From O’Leary for News at ENST: Writing at The Conversation, psychology professor Jeremy Shapiro at Case Western Reserve University proffers his opinion on why many laypeople doubt the scientific consensus on questions such as climate change and biological evolution:
As a psychotherapist, I see a striking parallel between a type of thinking involved in many mental health disturbances and the reasoning behind science denial. As I explain in my book “Psychotherapeutic Diagrams,” dichotomous thinking, also called black-and-white and all-or-none thinking, is a factor in depression, anxiety, aggression and, especially, borderline personality disorder.
Dr. Shapiro seems not to have read much writing by ID theorists and it is a good bet he has not done psychotherapy with them. He goes on to explain:
For example, the biologist James Shapiro (no relation) discovered a cellular mechanism of genomic change that Darwin did not know about. Shapiro views his research as adding to evolutionary theory, not upending it. Nonetheless, his discovery and others like it, refracted through the lens of dichotomous thinking, result in articles with titles like, “Scientists Confirm: Darwinism Is Broken” by Paul Nelson and David Klinghoffer of the Discovery Institute, which promotes the theory of “intelligent design.” Shapiro insists that his research provides no support for intelligent design, but proponents of this pseudoscience repeatedly cite his work as if it does.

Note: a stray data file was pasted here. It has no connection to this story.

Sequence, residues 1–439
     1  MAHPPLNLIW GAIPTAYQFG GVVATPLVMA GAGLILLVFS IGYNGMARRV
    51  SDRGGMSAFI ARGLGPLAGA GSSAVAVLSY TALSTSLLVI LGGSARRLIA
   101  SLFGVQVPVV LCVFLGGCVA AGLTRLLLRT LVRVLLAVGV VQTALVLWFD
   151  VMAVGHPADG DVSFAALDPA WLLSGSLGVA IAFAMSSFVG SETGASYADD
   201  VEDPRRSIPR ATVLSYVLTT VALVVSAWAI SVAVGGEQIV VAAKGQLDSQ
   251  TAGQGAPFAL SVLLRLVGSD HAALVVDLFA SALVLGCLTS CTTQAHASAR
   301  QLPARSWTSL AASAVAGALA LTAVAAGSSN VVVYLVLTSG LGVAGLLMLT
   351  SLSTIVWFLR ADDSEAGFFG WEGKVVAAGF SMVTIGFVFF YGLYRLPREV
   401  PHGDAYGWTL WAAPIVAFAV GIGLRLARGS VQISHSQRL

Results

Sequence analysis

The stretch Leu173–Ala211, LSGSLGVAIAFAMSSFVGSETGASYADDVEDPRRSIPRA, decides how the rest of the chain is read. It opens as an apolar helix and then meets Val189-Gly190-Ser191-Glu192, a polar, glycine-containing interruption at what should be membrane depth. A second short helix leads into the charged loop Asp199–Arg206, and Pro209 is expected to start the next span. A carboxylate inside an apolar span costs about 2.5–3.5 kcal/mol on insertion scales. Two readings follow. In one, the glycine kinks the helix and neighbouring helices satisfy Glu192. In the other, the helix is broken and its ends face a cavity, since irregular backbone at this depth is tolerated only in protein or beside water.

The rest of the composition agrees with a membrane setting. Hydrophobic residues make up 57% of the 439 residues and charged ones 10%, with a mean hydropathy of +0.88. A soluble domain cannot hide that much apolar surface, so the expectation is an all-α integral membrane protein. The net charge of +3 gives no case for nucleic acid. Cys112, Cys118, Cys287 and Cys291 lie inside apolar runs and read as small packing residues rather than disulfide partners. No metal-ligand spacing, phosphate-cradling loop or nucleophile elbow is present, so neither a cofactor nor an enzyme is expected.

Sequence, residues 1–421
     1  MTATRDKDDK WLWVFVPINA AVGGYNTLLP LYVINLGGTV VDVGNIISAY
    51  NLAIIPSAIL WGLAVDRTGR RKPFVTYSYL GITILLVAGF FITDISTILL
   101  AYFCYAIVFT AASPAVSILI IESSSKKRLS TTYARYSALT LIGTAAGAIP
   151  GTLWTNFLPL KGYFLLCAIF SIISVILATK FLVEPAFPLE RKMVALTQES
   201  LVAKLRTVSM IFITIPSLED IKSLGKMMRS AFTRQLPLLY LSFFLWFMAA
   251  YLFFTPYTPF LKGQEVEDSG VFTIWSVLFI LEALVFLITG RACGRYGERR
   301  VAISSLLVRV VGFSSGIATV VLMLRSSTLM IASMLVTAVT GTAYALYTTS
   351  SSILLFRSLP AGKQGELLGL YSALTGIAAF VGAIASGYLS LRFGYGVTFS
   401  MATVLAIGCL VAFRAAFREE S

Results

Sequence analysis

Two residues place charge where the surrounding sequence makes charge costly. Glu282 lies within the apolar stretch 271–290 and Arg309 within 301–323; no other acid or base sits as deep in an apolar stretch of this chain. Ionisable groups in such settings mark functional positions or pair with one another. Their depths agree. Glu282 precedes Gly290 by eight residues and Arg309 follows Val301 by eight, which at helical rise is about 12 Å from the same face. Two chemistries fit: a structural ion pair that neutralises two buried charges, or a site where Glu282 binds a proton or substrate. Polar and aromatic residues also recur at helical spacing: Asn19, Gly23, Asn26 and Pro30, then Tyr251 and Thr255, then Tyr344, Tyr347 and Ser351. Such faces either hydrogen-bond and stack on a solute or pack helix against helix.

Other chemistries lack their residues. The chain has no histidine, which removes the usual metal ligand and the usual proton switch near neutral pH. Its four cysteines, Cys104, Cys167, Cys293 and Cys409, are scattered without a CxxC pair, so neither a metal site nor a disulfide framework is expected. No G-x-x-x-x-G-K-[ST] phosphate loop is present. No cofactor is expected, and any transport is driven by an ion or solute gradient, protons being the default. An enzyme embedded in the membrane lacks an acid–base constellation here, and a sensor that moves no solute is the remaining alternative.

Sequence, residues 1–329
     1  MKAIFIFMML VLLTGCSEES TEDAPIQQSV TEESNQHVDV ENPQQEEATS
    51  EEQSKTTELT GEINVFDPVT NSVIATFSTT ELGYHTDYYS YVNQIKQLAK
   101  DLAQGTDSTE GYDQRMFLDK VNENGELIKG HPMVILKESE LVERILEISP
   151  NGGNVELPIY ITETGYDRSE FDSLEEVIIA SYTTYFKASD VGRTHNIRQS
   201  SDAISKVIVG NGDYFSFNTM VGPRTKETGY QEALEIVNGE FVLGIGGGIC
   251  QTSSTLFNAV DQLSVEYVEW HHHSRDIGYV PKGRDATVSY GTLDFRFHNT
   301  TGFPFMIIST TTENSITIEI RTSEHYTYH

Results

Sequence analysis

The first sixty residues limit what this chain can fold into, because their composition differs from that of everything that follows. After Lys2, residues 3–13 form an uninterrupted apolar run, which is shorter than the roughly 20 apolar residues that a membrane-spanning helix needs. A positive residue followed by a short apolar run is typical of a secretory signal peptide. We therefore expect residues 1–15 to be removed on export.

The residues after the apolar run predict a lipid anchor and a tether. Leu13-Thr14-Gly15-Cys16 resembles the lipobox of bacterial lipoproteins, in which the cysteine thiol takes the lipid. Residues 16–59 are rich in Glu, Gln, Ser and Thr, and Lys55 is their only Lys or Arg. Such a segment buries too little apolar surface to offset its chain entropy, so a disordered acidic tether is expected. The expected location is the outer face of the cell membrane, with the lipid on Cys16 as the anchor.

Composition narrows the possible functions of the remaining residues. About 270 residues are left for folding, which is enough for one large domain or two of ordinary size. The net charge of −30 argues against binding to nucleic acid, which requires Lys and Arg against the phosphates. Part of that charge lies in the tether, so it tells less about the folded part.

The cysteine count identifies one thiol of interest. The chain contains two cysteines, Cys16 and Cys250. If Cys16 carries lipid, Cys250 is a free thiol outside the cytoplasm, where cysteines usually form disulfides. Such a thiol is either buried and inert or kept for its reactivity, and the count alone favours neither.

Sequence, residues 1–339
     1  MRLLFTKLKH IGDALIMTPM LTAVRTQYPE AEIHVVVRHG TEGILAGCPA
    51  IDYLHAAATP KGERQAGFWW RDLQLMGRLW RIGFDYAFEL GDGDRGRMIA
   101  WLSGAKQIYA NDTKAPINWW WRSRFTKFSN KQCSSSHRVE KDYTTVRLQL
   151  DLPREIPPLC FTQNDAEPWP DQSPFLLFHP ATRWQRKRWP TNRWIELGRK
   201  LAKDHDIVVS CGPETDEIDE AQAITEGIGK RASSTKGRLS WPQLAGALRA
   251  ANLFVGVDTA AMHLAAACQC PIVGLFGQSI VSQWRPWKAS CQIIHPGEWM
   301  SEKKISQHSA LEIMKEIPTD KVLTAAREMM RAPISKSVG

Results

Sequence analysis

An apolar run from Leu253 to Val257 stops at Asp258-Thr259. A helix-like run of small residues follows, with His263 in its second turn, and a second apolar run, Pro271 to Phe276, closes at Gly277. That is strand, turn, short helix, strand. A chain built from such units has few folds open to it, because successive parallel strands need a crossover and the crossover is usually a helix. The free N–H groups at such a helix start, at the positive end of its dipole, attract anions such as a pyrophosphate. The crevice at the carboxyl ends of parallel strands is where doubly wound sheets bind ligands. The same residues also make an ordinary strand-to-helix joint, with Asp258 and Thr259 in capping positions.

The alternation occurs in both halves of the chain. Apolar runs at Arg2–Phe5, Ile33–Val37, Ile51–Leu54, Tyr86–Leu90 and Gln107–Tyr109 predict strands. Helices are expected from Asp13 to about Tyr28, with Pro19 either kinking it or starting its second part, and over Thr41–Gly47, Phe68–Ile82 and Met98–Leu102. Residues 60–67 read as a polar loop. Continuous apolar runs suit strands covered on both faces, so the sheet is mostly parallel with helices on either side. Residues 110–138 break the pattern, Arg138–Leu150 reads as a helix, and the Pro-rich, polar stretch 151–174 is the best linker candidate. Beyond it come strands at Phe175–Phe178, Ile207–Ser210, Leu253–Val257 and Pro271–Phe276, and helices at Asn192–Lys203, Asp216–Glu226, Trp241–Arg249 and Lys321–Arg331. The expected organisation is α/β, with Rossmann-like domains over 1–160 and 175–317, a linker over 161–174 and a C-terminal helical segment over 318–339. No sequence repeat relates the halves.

As it happens, a person not accustomed to black-and-white thinking might navigate without difficulty the idea that the work of Shapiro (the biologist) could support a theory of intelligent design whether or not Shapiro approves of such theories. That is not an unusual thing in science. More.